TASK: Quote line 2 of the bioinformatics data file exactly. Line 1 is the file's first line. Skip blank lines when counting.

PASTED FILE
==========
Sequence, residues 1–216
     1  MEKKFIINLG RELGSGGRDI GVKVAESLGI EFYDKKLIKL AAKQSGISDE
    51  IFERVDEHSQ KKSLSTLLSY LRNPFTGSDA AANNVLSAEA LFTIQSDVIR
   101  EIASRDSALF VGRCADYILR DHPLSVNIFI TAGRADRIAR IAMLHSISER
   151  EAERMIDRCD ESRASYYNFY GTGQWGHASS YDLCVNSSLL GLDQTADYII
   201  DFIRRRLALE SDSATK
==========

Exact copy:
     1  MEKKFIINLG RELGSGGRDI GVKVAESLGI EFYDKKLIKL AAKQSGISDE